New Routes to Nanocomposite Materials

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INTRODUCTION Aerogels are open pore, low density solids (typically 5% solid) that can have compositions that include a variety of metal oxides [1], polymers and carbon [2]. Aerogels are made using solgel processing followed by supercritical extraction of the entrapped solvent. Aerogels are the best existing thermal insulating materials. In order to further enhance the insulating performance of silica aerogel we investigated introducing additional components to aerogel to block transmission of infrared radiation [3]. This radiative heat transfer is responsible for up to half the thermal conductivity of evacuated aerogel at ambient temperatures. Addition of carbon, iron oxides, or organic components to absorb the infrared substantially reduces infrared transmission in aerogel. This approach may increase aerogel's thermal resistance by up to a factor of two at ambient temperatures and much greater factors at elevated temperatures. Various methods to introduce second phases into the aerogel were explored, including adding fine particles in sol stage, soaking gels in alcohol solutions containing dissolved species of metals, and post treatment of the aerogel. Post treatment is the subject of this paper. Aerogels typically have very high specific surface areas. This characteristic combined with their open porosity and composition causes them to catalyze gas-phase reactions. We have developed a method to make new composite materials by introducing a gas into aerogel and using its high surface area and catalytic properties to enhance thermal decomposition of the gas to form a new solid phase in the aerogel network[4]. The material produced in this way is unique in its structure and properties. Thermal decomposition of the gas within the aerogel takes place at significantly lower temperatures than it would in the free gas phase or on other solid surfaces. The decomposition products of the gas deposit as nano-phase material in the interior or on the surface of the aerogel to form a new composite. A variety of materials can be deposited by choice of the infiltrated gas. By varying the composition of the aerogel and gas a large number of composite materials can be fabricated. Aerogel composites produced by this method may exhibit photoluminescence (silicon in silica aerogel) ferromagnetic, paramagnetic, or super paramagnetic behavior (iron in silica aerogel). SILICA AEROGEL-CARBON COMPOSITES Aerogel composites may be formed by the thermal decomposition of hydrocarbon gases infiltrated into the open pore structure of the aerogel. All the aerogels used for these studies were prepared by the carbon dioxide substitution process [5]. Deposition of guest material into the aerogels may be accomplished in a variety of ways. A simple method is to place aerogel samples 451 Mat. Res. Soc. Symp. Proc. Vol. 346. 01994 Materials Research Society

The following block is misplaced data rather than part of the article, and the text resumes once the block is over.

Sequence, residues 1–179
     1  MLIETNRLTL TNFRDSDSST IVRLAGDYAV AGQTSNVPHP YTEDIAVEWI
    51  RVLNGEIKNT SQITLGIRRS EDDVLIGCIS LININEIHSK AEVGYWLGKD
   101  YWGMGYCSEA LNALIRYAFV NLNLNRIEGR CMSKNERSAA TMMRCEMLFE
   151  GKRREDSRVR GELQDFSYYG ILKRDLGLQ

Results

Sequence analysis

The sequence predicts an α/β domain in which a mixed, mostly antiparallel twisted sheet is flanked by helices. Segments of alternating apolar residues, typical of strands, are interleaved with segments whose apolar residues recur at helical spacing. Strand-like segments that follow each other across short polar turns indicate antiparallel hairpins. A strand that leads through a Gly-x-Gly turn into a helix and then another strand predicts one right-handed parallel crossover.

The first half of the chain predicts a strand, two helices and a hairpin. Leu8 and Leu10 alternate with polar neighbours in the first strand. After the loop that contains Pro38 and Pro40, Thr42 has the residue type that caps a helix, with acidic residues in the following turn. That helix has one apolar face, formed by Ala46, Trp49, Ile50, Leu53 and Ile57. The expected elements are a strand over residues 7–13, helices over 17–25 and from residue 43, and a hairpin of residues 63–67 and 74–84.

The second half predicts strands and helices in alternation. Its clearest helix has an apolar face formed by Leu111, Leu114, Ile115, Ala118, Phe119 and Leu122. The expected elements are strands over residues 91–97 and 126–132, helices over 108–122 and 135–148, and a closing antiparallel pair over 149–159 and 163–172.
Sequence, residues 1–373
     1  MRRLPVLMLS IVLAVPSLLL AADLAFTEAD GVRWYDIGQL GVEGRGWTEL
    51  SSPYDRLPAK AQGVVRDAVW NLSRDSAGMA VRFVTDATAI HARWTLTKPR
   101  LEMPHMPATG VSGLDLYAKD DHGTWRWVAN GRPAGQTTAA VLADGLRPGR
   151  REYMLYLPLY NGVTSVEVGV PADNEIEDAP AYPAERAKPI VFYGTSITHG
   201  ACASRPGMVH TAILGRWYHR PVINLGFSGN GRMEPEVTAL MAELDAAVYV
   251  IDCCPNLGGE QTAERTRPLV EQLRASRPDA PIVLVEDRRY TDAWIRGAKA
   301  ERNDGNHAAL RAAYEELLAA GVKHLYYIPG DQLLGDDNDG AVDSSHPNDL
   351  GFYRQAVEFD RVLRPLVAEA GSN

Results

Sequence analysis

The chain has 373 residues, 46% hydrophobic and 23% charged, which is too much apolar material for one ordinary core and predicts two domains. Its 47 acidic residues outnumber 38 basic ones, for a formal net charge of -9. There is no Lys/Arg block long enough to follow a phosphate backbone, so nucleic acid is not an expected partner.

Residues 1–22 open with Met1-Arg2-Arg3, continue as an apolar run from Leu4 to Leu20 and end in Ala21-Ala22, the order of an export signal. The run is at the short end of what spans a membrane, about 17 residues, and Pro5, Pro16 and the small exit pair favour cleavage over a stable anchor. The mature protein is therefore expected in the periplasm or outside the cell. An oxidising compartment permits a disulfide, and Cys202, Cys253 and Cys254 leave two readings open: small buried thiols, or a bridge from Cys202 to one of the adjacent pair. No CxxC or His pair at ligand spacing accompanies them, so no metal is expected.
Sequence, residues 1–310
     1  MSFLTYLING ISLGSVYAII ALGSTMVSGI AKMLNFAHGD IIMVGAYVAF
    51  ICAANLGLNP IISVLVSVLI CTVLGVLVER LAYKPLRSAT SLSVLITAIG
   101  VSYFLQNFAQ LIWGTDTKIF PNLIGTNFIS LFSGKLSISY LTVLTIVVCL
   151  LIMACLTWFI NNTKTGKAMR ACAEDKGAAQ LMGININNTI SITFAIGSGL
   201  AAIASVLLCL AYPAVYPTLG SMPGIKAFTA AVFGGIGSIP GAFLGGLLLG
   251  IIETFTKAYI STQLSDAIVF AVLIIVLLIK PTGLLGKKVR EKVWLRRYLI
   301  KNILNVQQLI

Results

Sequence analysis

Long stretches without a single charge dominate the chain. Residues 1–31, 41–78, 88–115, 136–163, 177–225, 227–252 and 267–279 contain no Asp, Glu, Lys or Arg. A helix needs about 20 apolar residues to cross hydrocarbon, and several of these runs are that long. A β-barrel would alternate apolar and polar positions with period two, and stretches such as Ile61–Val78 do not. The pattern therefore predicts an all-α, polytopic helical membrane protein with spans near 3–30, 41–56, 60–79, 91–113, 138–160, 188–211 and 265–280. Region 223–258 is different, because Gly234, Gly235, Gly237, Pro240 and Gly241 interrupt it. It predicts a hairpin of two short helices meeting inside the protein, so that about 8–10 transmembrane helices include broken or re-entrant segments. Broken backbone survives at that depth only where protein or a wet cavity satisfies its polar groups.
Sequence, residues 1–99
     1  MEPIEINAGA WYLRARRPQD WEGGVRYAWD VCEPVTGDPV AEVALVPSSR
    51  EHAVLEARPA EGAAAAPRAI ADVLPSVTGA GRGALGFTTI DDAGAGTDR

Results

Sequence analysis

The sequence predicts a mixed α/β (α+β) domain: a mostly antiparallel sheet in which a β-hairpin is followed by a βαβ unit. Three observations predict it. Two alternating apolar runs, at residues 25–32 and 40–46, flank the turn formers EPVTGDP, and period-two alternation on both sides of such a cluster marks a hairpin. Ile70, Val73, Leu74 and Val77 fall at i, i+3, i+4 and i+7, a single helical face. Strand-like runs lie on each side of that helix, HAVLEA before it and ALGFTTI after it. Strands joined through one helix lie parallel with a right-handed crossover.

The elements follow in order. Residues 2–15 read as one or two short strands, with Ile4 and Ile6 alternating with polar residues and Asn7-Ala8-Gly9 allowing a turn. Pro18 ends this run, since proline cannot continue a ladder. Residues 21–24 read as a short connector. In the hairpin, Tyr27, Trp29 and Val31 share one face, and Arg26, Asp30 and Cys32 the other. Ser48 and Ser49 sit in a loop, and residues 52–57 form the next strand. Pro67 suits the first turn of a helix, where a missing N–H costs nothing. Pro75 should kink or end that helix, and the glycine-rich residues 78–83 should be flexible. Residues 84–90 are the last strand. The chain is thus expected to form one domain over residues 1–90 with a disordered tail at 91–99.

in a porcelain boat that is loaded into a quartz walled tube furnace that forms the reaction chamber. The temperature of the furnace is increased at a rate of 5 to 200 C per minute. An inert gas su